Four Ways Hormones Affect Diabetes
From puberty and menstruation to birth control and menopause, hormonal changes can make it difficult for women to manage blood sugar.
Whether you have type 1 or type 2 diabetes, hormones play a part in blood glucose fluctuations. Understanding how different hormones affect your blood sugar can help you learn how to best manage your diabetes.
Puberty occurs in both men and women, typically between the ages of 9 and 16. While many hormones begin kicking in during puberty, one of the big ones is growth hormone.
Growth hormone is released by the pituitary gland of your brain. High levels of growth hormone can cause insulin resistance. 1 This creates difficulties in managing blood sugar during puberty, especially during growth spurts.
Other factors that impact diabetes during puberty include:
- Peer pressure
- Behavioral changes
- Changing sleep habits
- Increased appetite
Once a woman begins menstruating, hormones fluctuate with her monthly cycle. It’s common for women to notice changes in blood sugar levels based on where they’re at in their cycle.2
Many women report higher blood sugar levels on the days before their period. Others note that after their period starts, they have lower levels. Of course, hormone levels vary from woman to woman.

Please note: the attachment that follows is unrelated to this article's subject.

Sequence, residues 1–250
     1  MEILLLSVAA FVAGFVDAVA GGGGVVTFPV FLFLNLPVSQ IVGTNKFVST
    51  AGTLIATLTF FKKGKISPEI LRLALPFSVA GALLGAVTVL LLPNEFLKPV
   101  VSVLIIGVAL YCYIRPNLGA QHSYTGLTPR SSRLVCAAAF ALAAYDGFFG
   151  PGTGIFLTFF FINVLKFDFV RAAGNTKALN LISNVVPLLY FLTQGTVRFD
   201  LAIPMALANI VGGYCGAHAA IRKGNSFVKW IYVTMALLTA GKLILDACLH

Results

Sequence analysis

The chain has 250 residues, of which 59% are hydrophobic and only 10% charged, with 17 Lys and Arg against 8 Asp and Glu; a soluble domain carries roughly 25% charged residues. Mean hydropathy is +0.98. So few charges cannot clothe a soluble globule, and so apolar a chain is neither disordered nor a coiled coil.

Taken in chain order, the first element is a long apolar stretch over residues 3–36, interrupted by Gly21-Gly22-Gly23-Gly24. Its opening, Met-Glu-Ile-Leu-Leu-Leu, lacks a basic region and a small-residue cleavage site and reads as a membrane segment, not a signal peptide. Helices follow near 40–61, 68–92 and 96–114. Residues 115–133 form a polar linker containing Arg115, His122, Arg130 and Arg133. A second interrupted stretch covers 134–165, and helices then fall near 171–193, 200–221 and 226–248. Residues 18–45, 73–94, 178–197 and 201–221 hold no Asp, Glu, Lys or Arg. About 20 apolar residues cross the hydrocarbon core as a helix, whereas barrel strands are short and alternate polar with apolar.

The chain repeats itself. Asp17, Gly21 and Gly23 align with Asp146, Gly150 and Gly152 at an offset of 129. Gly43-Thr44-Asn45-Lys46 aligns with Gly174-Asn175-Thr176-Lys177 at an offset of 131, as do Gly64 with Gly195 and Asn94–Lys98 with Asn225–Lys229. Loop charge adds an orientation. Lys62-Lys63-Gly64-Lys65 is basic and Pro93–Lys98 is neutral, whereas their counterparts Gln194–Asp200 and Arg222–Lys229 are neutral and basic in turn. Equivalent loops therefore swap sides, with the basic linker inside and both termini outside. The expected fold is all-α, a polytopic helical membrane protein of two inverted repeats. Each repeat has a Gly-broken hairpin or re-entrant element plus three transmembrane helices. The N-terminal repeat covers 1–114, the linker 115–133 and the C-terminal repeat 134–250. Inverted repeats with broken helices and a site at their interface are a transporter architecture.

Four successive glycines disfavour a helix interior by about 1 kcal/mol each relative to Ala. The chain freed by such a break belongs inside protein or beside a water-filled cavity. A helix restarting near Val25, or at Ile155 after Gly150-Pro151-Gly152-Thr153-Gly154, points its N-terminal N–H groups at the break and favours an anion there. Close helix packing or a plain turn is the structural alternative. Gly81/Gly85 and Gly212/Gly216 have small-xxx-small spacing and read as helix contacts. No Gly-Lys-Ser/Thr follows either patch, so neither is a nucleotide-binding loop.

Stress is a normal part of life. It can happen at any time, especially during big events –– like when you’re welcoming a new baby, experiencing problems at work, or dealing with a death in the family.
The problem with stress is having too much of it. Stress causes the body to release hormones like cortisol and adrenaline. Cortisol can make muscle and fat cells more resistant to insulin. It also enhances glucose production by the liver. Adrenaline also promotes sugar production in the liver.3
This means that when you’re under a lot of stress, the production of these hormones may make it harder to manage blood sugar. Some people require more insulin to manage their diabetes when going through periods of stress.
Certain types of birth control can affect blood sugar. Some women have found that a lower dose combination pill of estrogen and progestin may affect glucose levels.4
Checking blood sugar regularly and adjusting medications as needed can help resolve these fluctuations. However, some physicians may suggest progestin-only birth control to prevent blood sugar changes. Your healthcare team can help determine the best fit for you.